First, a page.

Hospitals, rehabilitation centers, mental health facilities and nursing homes are complicated organizations where it is possible for many things to go wrong if there is insufficient oversight. If these places aren’t run properly, the consequences can be deadly.
Because of the high stakes involved in overseeing health care organizations, people who intend to lead such organizations often pursue specialized training in either health care administration or health care management. These two terms are used interchangeably to describe the academic discipline that focuses on understanding and addressing the many problems that plague the health care industry, such as the challenge of imposing quality standards and safety measures while controlling costs.
Training in this area is extremely marketable and can lead to lucrative employment. According to a forecast from the U.S. Bureau of Labor Statistics, the number of U.S. workers employed as medical and health services managers in 2029 will likely be 32% higher than it was in 2019. BLS statistics reveal that six-figure salaries are common within this profession; the median annual salary in the field in 2020 was $104,280.
What Health Care Management Is and How to Study It
“Health care management is a broad field, because it really is meant to cover all of the various managerial skills that are required to lead and manage health care institutions,” says Robert Huckman, faculty chair of the Health Care Initiative at Harvard Business School in Massachusetts.
Finance, operations, management and strategy skills are all necessary for success as an executive in the health sector no matter the type of health organization where someone aspires to become a leader, whether it is a retail clinic or a physician practice, Huckman explains.
“There is no single, agreed-upon definition of what’s in and out of the field of health care management, but we tend to think of it as the set of skills that an individual would need to lead a complex organization and to deliver health care,” he says.
Alexandra Lutz, a program director at Carnegie Mellon University’s Heinz College of Information Systems and Public Policy in Pennsylvania who manages the school’s health-focused Master of Science programs, says an introductory course on the U.S. health care system is typical at the beginning of health care management degree programs. Classes on information systems and budgeting are also usually included, she says.
Formal coursework typically underscores the importance of compliance with ethical guidelines and legal requirements that apply to managers, clinicians, insurers, suppliers and developers within the health care sector, and it also describes the techniques health care companies use in order to follow all of these rules, experts say.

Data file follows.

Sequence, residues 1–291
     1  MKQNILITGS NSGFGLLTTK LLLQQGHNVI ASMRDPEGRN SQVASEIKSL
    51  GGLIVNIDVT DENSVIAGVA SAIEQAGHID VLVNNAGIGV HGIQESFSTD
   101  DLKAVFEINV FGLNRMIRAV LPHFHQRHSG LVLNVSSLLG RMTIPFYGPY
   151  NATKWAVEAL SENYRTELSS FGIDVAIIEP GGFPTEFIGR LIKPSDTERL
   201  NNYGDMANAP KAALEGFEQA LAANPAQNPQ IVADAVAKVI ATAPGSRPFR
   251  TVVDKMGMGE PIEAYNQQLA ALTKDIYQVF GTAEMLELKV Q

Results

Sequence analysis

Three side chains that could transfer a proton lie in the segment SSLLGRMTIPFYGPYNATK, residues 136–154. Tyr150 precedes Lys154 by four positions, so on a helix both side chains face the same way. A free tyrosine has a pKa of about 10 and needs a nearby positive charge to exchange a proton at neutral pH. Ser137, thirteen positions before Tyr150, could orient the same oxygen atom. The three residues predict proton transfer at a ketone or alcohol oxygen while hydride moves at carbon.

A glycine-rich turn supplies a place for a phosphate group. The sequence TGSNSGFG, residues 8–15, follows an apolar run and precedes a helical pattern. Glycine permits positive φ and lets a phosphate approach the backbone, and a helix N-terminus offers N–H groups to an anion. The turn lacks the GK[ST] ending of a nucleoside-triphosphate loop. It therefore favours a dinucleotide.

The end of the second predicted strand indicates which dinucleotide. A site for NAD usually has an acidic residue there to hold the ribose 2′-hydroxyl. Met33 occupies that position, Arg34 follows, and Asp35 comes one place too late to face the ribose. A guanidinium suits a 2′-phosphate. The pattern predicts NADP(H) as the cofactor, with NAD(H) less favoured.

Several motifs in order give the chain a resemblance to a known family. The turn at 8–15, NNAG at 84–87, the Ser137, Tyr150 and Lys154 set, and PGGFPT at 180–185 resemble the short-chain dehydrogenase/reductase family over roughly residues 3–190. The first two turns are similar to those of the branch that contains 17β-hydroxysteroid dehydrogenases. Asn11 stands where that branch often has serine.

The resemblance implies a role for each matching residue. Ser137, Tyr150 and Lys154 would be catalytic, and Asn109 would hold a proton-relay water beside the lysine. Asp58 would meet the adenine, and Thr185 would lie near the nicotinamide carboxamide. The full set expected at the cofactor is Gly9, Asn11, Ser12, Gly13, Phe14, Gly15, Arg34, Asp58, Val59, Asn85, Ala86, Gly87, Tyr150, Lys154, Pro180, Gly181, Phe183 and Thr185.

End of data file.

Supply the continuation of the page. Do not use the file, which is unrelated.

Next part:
A top-notch curriculum in this area usually helps students understand the implications of various health care policies and come to their own conclusions about which policies are best. Within the health care industry, it can be especially tricky to ensure transparency and accountability given concerns about patient privacy, so guidance on how to navigate these moral dilemmas is valuable to current and future health care administrators.
Types of Health Care Management Programs
Health care management programs sometimes confer degrees at the undergraduate or graduate level, but not always; there are nondegree programs such as executive education courses and professional certification tracks.
A few of these programs are aimed at doctors, nurses, physician assistants and other health care providers who want to enhance their leadership abilities so that they can supervise health care teams. For example, Master of Medical Management programs are intended for physicians. However, many programs are accessible to individuals who have no interest in diagnosing and treating illness but are intrigued by the challenge of ensuring that a health care company runs smoothly.
Christopher K. Lee, founder of the PurposeRedeemed career consulting firm, notes that there are several types of credentials that someone can use to qualify for health care management jobs: a Master of Health Administration, Master of Public Health or Master of Business Administration degree.
Health Care Management Jobs: What You Can Do With This Type of Degree
Because there are many kinds of health care organizations ranging from multinational for-profit companies such as Fortune 500 pharmaceutical corporations to regional nonprofit ventures such as charity hospitals that serve a specific city, there are numerous leadership positions within this field. Some examples are:
— Behavioral health director.
— Chief executive officer.
— Chief financial officer.
— Chief medical officer.
— Chief nursing officer.
— Chief operating officer.
— Clinical director.
— Director of mental health.
— Doctor’s office manager.
— Health care business or strategy consultant.
— Health care compliance officer.
— Health care finance manager.
— Health care operations manager.
— Health care quality improvement manager.
— Health care risk manager.
— Health informatics director or manager.
— Hospital administrator.
— Medical records manager.
— Nursing home administrator.
— Practice administrator.
— Pharmaceutical quality manager.
— Rehabilitation manager.
“The sky is the limit when it comes to health care management positions,” Melissa Green, who has a doctorate in health administration and serves on the faculty at Walden University, an online school, wrote in an email. “You can virtually work in any channel of health care operations, like private practice, hospital administration, outpatient services, health systems, rural health, health departments, revenue cycle organizations, consulting companies and more.”
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What to Know About Health Care Management Degrees and Programs originally appeared on usnews.com